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  12. #12
    Registered User hk_mp5kpdw's Avatar
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    Note that this:
    Code:
    while(!file.eof())
    {
        getline(file, str);
        cout << str << endl;
    }
    is not the proper way to read through a file. The end-of-file condition is only set after an attempt to read from the file has failed. This means that up to and including the last line of the file, this test will return false and the loop will continue as expected. However, once that last line has been read, the test will still return false one more time since we have not yet done the read in the body of the loop which would set the EOF condition. Once this read is attempted - and fails - then the end-of-file condition will be set and the test would return true causing the loop to exit. The problem is that at that point we are already in the body of the loop and committed to our processing within said loop. For you, all this means is you attempt to output what you've just read... a read operation that has just failed. The most likely outcome here is that the last line of the file gets output twice.

    The solution to this is to test the read operation as the exit condition and not to directly test the return result of a call to the stream's eof function. This looks like the following:
    Code:
    while(getline(file, str))
    {
        cout << str << endl;
    }



    I wonder what's the purpose of setting the stream in EOF state only for having read it.
    Well, once you've finished reading all the data in the file, you're at the end of the file right?
    Ducky likes this.
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  13. #13
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    Thanks but getline() sets bits too so you still need to clear it.

    "A call to this function may set any of the internal state flags of is if:"

    flag error
    eofbit The end of the source of characters is reached during its operations.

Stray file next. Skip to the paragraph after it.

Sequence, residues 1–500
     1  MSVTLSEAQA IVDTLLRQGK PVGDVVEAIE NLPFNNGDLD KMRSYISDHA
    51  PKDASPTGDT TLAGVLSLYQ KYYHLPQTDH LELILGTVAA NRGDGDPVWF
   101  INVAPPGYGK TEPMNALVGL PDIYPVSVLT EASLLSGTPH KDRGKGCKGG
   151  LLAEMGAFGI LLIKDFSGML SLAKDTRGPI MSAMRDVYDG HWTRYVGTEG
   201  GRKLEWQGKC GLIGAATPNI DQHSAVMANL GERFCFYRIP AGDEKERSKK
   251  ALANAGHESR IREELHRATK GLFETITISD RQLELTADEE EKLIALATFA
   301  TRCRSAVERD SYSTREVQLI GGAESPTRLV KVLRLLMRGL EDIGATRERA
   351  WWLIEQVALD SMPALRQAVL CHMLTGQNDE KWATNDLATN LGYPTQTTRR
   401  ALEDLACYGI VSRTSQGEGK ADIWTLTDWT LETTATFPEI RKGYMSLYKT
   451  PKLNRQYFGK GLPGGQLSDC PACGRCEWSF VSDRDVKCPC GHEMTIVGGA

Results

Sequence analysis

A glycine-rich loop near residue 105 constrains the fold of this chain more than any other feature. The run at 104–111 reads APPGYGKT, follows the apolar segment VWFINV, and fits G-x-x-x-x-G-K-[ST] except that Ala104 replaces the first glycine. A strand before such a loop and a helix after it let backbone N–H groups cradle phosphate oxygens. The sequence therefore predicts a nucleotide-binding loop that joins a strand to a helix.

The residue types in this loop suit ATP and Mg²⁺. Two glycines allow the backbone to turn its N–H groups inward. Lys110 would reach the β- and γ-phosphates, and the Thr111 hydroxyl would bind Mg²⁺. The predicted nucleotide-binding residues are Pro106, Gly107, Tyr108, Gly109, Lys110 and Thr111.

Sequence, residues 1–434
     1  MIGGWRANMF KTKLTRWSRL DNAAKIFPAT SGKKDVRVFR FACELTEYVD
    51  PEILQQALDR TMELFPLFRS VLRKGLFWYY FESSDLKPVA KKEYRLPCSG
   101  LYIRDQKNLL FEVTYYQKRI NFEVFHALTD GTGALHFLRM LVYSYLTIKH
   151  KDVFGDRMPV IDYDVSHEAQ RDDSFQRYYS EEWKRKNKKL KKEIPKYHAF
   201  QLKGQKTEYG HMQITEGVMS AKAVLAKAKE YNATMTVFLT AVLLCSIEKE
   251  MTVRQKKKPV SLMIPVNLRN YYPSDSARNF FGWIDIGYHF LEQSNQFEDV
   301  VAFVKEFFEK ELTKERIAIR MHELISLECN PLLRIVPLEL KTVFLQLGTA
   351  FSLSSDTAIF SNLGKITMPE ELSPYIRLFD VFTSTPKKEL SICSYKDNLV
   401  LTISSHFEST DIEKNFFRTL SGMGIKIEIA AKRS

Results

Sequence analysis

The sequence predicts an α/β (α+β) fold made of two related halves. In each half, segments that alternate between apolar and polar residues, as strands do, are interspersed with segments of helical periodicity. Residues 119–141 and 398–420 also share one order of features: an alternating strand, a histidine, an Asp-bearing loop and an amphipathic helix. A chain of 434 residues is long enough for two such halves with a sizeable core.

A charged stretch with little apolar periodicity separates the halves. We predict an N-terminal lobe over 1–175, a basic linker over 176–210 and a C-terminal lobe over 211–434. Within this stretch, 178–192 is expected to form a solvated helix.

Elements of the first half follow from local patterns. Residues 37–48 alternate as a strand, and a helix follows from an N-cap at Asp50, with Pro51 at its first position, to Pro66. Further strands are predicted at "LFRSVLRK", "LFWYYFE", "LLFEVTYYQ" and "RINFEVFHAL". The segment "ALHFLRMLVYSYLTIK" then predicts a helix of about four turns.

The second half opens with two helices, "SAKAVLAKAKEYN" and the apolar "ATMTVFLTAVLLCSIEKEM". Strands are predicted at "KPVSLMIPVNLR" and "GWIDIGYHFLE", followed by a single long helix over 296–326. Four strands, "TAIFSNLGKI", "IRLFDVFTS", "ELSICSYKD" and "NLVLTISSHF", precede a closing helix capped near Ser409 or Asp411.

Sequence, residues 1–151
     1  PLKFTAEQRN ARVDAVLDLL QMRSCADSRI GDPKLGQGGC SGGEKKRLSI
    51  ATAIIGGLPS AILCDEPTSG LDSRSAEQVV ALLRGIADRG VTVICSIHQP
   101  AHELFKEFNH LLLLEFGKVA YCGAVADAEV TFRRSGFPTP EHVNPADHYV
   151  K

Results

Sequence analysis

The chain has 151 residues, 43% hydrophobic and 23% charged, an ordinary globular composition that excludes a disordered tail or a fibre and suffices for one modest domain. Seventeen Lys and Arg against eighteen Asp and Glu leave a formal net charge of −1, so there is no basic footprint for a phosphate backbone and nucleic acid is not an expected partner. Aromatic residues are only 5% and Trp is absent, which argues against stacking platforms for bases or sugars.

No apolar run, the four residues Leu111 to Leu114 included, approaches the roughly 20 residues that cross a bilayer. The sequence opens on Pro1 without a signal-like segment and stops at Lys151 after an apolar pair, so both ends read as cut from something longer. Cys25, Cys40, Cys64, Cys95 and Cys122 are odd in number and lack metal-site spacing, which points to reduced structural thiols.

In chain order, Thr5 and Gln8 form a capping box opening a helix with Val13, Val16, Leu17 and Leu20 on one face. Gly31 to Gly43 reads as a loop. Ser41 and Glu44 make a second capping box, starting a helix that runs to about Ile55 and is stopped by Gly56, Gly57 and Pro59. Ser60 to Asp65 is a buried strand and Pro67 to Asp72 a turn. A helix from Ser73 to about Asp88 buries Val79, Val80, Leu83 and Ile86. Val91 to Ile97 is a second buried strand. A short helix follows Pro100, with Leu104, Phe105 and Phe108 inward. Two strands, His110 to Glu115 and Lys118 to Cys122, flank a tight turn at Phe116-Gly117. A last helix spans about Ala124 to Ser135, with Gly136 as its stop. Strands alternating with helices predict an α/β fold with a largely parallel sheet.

failbit The input obtained could not be interpreted as a valid textual representation of an object of this type.
    In this case, distr preserves the parameters and internal data it had before the call.
    Notice that some eofbit cases will also set failbit.
    badbit An error other than the above happened.
    Last edited by Ducky; 01-30-2013 at 07:11 AM.
    Compiler MSVC++ 2010 with Code::Blocks.

  14. #14
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    Quote Originally Posted by Ducky View Post
    It can be decieving for someone who expect it to work the same way as them.
    why would you expect it to work the same way? they are two totally different systems, developed from vastly different ideologies. the fact that they are designed to generally do the same thing - read and write files - is of little consequence.

    Quote Originally Posted by Ducky View Post
    I wonder what's the purpose of setting the stream in EOF state only for having read it.
    the EOF flag gets set when you try to perform a read operation after you've reached the end of the file. simply reaching the end doesn't set the state. an EOF state for writing doesn't make sense, because it's a perfectly reasonable idea to continue writing after the current end of a file. don't you think you'd also check the return value of feof() if you were reading from the file using c-style FILE* functions? that's just common sense.
    Ducky likes this.